An investment strategy whereby the investor borrows from a low-yielding or low-interest currency, and invest in high-yielding or high-interest currency.
Carry trade is a term mostly used in the currency market. The idea behind carry trade is to buy a currency that offers high interest rates, while selling one that offers low interest rates. Then, by holding the position, the trader gains the differential.
For example GBP/JPY is a popular pair for carry trade. When going long this pair, the trader is essentially borrowing Yen to purchase Pound. Since the UK has a higher interest rate then Japan, the trader is earning rollover interest as indicated on the right on the "IntBuy" collumn of the Dealing Rates Window.*
The risk is in the changing value of the currencies because a trader has to hold a position in order to receive the interest rollover. However, the exchange rate fluctuation sometimes outweigh the interest earned.
Here's an example of a "yen carry trade": a trader borrows 1,000 Japanese yen from a Japanese bank, converts the funds into U.S. dollars and buys a bond for the equivalent amount. Let's assume that the bond pays 4.5% and the Japanese interest rate is set at 0%. The trader stands to make a profit of 4.5% as long as the exchange rate between the countries does not change. Many professional traders use this trade because the gains can become very large when leverage is taken into consideration. If the trader in our example uses a common leverage factor of 10:1, then she can stand to make a profit of 45%.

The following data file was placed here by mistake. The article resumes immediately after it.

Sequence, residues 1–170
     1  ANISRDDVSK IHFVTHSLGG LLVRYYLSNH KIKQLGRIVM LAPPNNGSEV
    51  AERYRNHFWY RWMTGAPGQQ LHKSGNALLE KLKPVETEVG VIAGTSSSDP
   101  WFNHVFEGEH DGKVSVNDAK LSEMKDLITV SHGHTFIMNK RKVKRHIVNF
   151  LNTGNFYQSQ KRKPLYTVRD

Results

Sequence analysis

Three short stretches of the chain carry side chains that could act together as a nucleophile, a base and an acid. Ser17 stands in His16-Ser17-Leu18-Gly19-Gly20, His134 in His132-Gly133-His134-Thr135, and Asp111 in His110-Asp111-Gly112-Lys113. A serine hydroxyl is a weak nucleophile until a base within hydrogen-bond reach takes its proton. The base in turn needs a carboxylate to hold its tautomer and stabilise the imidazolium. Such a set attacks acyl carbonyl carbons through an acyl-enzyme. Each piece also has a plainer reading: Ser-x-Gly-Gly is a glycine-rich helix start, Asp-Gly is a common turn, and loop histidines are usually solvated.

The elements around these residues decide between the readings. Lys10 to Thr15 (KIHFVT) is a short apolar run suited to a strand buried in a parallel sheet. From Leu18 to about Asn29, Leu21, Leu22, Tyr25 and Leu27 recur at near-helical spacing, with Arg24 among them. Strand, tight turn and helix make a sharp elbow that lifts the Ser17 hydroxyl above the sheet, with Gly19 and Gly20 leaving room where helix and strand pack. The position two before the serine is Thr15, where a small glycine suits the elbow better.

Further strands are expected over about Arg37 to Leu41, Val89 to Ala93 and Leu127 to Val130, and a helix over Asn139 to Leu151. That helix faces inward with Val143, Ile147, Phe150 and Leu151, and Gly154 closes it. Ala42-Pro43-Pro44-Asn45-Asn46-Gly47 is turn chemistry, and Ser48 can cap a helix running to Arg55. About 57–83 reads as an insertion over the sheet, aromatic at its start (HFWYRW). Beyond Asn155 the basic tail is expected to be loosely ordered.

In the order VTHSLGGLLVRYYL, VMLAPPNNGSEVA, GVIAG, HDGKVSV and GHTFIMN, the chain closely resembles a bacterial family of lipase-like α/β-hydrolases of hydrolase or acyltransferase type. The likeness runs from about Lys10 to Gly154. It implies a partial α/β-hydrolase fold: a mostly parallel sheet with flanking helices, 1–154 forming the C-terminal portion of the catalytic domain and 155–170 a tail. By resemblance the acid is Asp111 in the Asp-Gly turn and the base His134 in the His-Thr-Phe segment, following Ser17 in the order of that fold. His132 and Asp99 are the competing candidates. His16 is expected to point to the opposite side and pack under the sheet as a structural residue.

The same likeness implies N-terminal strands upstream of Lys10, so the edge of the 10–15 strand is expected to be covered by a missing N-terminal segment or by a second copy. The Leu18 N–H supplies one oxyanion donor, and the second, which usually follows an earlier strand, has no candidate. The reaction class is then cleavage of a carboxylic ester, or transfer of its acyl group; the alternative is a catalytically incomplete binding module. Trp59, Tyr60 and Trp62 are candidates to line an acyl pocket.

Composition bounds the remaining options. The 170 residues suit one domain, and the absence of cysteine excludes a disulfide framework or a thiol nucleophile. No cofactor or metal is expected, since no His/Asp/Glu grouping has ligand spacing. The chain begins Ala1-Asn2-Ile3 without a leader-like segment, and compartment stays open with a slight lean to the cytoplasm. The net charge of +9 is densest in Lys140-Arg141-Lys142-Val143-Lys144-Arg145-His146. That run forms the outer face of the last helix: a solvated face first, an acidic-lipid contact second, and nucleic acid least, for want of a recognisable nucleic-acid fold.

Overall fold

The big risk in a carry trade is the uncertainty of exchange rates. Using the example above, if the U.S. dollar were to fall in value relative to the Japanese yen, then the trader would run the risk of losing money. Also, these transactions are generally done with a lot of leverage, so a small movement in exchange rates can result in huge losses unless the position is hedged appropriately.
A currency carry trade — A strategy in which an investor sells a certain currency with a relatively low interest rate and uses the funds to purchase a different currency yielding a higher interest rate. A trader using this strategy attempts to capture the difference between the rates, which can often be substantial, depending on the amount of leverage used.